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Viewpoint from Rev Albert Cadmore 12/01/2018 

ALBERT CADMORERev Albert Cadmore
chaplain of Great Yarmouth and Gorleston RNLI

as publsihed in the Yarmouth Mercury

 

As we look forward to the New Year, it is inevitable that we do so, holding in mind concerns for the present and memories of the recent past. And as we look back over 2017 we can recall that the menacing threat of acts of terrorism from ISIS related groups, was never far from our minds, not least when we remember the Westminster Bridge, Borough Market, and Manchester Arena atrocities. Also, the ongoing human tragedy of the Syrian people continues to be so vividly brought home to us via our TV screens. Tragedies that are not terror or violence related, and closer to home, such as the Grenfell Tower fire, leave us feeling sad and helpless, as do tragedies involving families or individuals that we so often hear about and read about involving people from nearby and faraway
 
dove leftI was recently reading a report by a man who is part of a national chaplaincy team that responds to disasters, who was in Manchester a day or so after the Manchester Arena terrorist attack. A minute’s silence was held as a huge crowd gathered, and the chaplain began speaking with a young man who had been sitting there for some time, deep in his thoughts. The young man said to the chaplain, “I used to have faith as a child, but I lost it. Too many bad things happened to me. I remember 9/11: I was only seven at the time. I started asking: how could a God who is in control allow this? How could he allow this to happen to Manchester? Just look at those kids – they were so innocent”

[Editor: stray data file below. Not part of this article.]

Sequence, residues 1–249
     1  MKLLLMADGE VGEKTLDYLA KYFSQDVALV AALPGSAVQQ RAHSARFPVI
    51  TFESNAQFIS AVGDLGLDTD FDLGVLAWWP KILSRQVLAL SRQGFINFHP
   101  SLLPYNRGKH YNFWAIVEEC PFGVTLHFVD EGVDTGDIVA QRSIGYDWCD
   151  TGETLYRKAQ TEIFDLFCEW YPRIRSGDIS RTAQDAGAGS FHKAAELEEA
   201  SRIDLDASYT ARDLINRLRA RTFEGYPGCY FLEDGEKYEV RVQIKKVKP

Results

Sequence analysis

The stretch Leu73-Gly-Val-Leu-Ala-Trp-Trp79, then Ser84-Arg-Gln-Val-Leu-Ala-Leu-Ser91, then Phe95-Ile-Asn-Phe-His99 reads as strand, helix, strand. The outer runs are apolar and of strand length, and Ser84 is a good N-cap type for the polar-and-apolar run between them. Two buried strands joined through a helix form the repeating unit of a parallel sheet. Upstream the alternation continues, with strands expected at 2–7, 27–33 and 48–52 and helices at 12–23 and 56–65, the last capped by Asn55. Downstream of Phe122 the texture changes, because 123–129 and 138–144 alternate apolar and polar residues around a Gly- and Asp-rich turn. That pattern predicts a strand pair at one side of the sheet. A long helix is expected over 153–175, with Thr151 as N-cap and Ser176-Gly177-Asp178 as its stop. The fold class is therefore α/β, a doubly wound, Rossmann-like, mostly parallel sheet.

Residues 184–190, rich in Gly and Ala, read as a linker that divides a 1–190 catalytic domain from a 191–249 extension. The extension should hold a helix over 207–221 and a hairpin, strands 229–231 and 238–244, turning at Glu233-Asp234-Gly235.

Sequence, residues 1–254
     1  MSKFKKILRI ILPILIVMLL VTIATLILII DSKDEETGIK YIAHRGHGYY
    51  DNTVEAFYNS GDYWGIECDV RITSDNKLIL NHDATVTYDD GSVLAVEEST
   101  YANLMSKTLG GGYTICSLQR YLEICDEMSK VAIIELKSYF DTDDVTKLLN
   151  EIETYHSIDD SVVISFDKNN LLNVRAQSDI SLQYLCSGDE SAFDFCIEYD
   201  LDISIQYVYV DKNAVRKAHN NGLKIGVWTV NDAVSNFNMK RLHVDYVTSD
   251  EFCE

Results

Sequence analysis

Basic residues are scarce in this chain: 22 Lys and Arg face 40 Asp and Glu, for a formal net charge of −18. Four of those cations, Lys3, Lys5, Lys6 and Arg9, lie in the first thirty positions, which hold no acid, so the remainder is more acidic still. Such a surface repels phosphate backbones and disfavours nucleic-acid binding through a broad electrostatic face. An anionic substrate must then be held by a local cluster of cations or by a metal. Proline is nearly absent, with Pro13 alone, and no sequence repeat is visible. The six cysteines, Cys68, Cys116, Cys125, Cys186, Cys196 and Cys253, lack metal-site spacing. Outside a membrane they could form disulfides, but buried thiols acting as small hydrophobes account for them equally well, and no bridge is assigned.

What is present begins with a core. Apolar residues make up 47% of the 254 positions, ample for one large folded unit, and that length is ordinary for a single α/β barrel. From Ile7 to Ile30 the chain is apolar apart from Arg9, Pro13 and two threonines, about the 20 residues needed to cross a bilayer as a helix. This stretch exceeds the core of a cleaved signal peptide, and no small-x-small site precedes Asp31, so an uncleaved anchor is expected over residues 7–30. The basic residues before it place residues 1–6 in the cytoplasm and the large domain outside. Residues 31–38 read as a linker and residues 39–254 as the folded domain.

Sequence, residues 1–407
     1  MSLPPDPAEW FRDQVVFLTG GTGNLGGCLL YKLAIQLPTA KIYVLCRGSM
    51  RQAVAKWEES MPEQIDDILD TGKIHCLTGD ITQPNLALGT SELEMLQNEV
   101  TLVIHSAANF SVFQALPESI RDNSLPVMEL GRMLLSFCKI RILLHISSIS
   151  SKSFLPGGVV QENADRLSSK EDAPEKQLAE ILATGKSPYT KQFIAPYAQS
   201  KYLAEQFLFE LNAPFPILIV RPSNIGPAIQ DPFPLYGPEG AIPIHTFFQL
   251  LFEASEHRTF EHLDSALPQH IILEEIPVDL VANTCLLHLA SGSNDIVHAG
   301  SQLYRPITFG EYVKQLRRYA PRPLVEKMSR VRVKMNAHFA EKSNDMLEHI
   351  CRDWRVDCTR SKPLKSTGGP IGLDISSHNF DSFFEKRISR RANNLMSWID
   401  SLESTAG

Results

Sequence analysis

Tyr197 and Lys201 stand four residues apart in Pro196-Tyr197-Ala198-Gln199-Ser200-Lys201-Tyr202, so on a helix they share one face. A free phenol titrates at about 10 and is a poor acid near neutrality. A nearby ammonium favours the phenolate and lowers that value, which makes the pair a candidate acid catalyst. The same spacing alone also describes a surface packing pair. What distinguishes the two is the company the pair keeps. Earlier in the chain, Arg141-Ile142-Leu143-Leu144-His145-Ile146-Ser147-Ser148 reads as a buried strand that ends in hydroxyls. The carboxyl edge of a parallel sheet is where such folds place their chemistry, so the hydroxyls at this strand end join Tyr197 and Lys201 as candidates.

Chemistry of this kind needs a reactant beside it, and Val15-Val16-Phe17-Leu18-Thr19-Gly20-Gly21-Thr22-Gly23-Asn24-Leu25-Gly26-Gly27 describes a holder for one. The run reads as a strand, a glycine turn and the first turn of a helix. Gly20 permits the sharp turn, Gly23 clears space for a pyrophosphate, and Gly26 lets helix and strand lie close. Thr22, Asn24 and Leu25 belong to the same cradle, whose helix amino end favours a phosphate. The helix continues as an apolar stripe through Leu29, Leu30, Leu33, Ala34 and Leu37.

The chaplain replied, “What about Jesus? What if God came and suffered with us, with those kids in the bomb attack? Wouldn’t He be a God worth believing in?”
 
As I read that account, it set me thinking about how refugees and homeless people have been on our minds and in the news during the Christmas season, and how this has led me to reflect on the fact that at the first Christmas, Mary and Joseph were in that same situation; homeless refugees seeking shelter, who went on to flee to Egypt because of the danger of persecution by Herod
 
Dove rightMany of us will inevitably face difficult challenges as we journey forward into 2018, and I often recall the famous words of King George VI, in his Christmas Day address to the Empire in 1939, as the world faced up to the dark days of war. The King, along with so many others was heartened and sustained by faith as he quoted from a poem to say, “I said to the man who stood at the Gate of the Year, “Give me a light that I may tread safely into the unknown”. And he replied, “Go out into the darkness, and put your hand into the hand of God. That shall be better than light, and safer than a known way”’
 
An answer to that young man in Manchester’s question, and a message of hope for refugees, and all facing dark times, difficulties and challenges, could be that God is in there with them; with us
 
Maybe, we need to hold firm to our faith, and as we reflect on the King’s words from Christmas 1939, perhaps we should also remember that verse of great hope, from John’s Gospel, that is often read at Christmas carol services, which speaks of Jesus as, ‘The light (that) shines in the darkness, and the darkness has not overcome it’
 
The Queen once said “There's an old saying that "it is better to light a candle than curse the darkness"”, and she added “There are millions of people lighting candles of hope in our world today”

In the name of The Prince of Peace, and the Light of the World, such thoughts and such candles of hope can provide us all with an image of peace, compassion, justice, and hope for our troubled world in 2018

 

The views carried here are those of the author, not necessarily of Network Yarmouth, and are intended to stimulate constructive and good-natured debate between website users

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